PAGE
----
Decisions decisions...

Posted on 10:22 AM by Schottler

Since I submitted my application to Boulder my situation in my current research group has sort of gone south. I won't get in to the details, but it has nearly eliminated an option of staying here for a PhD. Unfortunately, it has also shown what academia is all about, and is making me second guess whether I want to continue on past completing my Masters this summer. All of a sudden, I really need to figure out what it is I want to do if I don't continue on to a PhD.

I have a few options in mind that all include moving to Boulder in August. Ideally, taking a semester or year off while making enough money to live and have fun would be awesome. Getting a job and making real money would be nice as well. A big part of me just wants to experience living in Boulder and enjoying the riding and all that the town has to offer. I have no baggage right now, and this is really the only time of my life I could do something like this. I don't know.

Anyway, training this winter is going sort of slow. I am planning all of my rides on how I feel, if my SI or low back hurts, I will either not ride or spin on the trainer for a little bit. Most likely I will continue the base mileage a little farther into the year as usual since I am getting a slow start on the real long rides. I am planning on not starting any intensity until I consistently feel comfortable. SI pain has been gone for over a week now without any medication, which is great, it seems to be improving week by week. I think the lifting has had a very positive affect. This time last year I couldn't even move my right leg without agonizing sharp pains.

All rides this year have been on snow covered gravel, just like last year. I actually prefer this since handling skills are tested and improved throughout the whole ride, rather than just mindlessly spinning down the road getting only hours in the saddle. After an entire winter of this last year, I noticed a huge improvement in my handling skills. Thankfully the bocomo peloton is always willing to go ride in the cold, snow, and slop. The downside is you are left with a completely trashed bike after every ride.



Graduate School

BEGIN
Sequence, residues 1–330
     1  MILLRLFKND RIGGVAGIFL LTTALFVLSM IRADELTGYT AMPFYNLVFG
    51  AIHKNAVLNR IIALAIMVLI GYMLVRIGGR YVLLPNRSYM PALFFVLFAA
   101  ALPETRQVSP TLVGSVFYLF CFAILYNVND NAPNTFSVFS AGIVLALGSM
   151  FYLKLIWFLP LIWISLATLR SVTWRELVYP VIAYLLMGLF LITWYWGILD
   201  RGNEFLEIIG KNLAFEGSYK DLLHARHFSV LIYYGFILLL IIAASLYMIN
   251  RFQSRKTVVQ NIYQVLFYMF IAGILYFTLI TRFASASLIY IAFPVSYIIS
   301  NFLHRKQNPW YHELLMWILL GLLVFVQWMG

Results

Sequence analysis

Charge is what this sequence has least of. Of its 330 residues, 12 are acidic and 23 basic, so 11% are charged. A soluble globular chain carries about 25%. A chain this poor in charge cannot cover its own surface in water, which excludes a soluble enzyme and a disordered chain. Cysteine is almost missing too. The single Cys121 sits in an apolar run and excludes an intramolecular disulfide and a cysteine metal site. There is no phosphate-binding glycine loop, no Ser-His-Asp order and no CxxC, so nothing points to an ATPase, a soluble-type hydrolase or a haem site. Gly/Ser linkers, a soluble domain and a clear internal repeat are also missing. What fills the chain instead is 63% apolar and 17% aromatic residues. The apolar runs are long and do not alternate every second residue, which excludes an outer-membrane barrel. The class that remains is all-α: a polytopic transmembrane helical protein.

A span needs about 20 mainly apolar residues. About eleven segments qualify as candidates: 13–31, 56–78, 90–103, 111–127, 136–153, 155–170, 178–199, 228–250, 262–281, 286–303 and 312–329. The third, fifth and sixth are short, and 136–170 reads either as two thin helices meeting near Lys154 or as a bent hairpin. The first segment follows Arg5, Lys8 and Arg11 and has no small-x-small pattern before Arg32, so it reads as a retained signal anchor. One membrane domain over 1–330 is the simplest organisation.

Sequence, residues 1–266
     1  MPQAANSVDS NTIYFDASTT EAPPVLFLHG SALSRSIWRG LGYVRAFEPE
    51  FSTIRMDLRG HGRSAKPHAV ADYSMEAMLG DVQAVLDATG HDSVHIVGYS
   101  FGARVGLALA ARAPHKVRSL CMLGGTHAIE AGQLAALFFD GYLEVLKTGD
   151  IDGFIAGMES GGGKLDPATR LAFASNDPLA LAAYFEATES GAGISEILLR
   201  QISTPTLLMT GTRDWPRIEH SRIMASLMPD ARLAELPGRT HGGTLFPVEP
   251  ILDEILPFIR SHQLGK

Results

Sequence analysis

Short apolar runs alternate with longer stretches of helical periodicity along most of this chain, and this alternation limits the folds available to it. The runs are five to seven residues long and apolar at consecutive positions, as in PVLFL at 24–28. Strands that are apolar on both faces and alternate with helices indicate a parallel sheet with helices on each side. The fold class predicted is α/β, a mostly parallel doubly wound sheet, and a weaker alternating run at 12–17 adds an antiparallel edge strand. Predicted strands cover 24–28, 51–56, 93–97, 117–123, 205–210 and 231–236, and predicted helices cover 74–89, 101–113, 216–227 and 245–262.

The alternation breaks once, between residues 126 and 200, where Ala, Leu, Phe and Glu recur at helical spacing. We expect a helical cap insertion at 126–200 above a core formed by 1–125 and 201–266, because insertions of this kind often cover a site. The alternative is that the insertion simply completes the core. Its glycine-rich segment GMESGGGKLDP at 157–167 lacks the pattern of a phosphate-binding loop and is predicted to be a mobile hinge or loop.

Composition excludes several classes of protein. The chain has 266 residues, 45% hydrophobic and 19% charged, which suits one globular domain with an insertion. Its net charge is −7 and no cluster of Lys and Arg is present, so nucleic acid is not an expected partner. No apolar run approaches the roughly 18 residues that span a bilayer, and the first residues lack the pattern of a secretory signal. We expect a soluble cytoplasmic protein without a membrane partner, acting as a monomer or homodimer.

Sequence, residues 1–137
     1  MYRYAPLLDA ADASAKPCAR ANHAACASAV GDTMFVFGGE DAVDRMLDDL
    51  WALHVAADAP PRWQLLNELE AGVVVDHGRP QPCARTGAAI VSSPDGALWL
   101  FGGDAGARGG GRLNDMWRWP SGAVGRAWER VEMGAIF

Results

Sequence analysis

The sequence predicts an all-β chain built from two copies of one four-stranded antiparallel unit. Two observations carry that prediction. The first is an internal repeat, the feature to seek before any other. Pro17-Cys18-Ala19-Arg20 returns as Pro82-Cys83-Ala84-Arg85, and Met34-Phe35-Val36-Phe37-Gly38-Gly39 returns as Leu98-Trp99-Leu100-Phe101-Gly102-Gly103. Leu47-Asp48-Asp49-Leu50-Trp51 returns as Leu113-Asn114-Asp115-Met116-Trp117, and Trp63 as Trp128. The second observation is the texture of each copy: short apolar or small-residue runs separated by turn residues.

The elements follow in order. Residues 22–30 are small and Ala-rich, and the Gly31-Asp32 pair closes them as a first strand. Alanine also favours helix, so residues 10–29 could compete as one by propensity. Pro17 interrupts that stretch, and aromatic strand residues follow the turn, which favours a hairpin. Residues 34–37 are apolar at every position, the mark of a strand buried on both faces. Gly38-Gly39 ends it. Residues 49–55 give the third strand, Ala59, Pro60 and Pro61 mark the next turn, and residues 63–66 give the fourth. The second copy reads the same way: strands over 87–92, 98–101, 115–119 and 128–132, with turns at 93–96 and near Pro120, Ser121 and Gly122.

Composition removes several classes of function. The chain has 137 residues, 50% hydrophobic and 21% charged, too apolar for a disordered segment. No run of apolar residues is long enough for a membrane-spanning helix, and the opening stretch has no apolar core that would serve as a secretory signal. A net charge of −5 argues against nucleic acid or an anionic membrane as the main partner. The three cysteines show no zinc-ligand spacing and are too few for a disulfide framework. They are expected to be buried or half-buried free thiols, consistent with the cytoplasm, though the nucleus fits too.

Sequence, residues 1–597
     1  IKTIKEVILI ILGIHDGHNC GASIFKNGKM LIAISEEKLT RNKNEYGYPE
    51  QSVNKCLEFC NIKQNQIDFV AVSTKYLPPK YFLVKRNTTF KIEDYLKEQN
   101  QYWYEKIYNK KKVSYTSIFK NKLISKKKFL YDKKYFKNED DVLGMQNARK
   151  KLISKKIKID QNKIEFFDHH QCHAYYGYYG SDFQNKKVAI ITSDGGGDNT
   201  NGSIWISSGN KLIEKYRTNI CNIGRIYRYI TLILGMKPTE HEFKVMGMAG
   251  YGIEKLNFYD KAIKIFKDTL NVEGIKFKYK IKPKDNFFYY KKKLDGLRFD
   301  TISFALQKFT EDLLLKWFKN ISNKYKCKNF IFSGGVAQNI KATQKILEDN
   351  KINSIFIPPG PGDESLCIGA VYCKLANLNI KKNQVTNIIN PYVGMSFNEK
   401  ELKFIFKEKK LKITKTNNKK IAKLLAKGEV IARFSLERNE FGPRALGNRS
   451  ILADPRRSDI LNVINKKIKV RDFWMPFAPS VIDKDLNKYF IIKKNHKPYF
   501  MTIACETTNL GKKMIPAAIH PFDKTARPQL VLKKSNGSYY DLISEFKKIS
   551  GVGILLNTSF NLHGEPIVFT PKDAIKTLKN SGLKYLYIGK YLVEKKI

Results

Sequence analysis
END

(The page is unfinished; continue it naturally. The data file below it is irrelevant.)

Posted on 8:23 AM by Schottler

I haven't really talked about what it is I do besides riding bikes and being injured. I graduated May 2009 with a Bachelor of Science in mechanical engineering from the University of Missouri. I took fall 2009 off to relax, train, race, and work at the bike shop full time... learning the 'life' isn't all it's cracked up to be. I will say that my first couple years in school I just wanted to be done, with a goal of passing courses and getting a job right out of school to make the big bucks. This lead to pretty bad grades and an eventual understanding of how the real world works, a big dollar job wasn't waiting for me at the end of the tunnel. So, I set a goal to take a detour around the tunnel and take the climb to eventually reach the job I want.

I got excited about the possibly of graduate school from learning through friends in school and those in the the BOCOMO peloton. Although my last couple years of dedication in classes significantly raised my GPA, it wasn't at the 'required' level for graduate school. So, I had to take the GRE. My test taking skills are some of the worst around, but somehow I left them at home that day and blew the math section of the test away, giving MU a reason to accept me. I started my Master of Science in mechanical engineering January 2010. MU offers waived tuition and a stipend through teaching assistance and research assistance. I was lucky enough to land both of them, giving me enough money to live on and getting nearly free education. Both of my advisors have taken a significant interest in what I have been doing with my research, it's as though they haven't come across many people that have a good work ethic with a tenacious personality. This will eventually lead me to graduating with my Master of Science in 1.5 years, a semester or two quicker than predicted.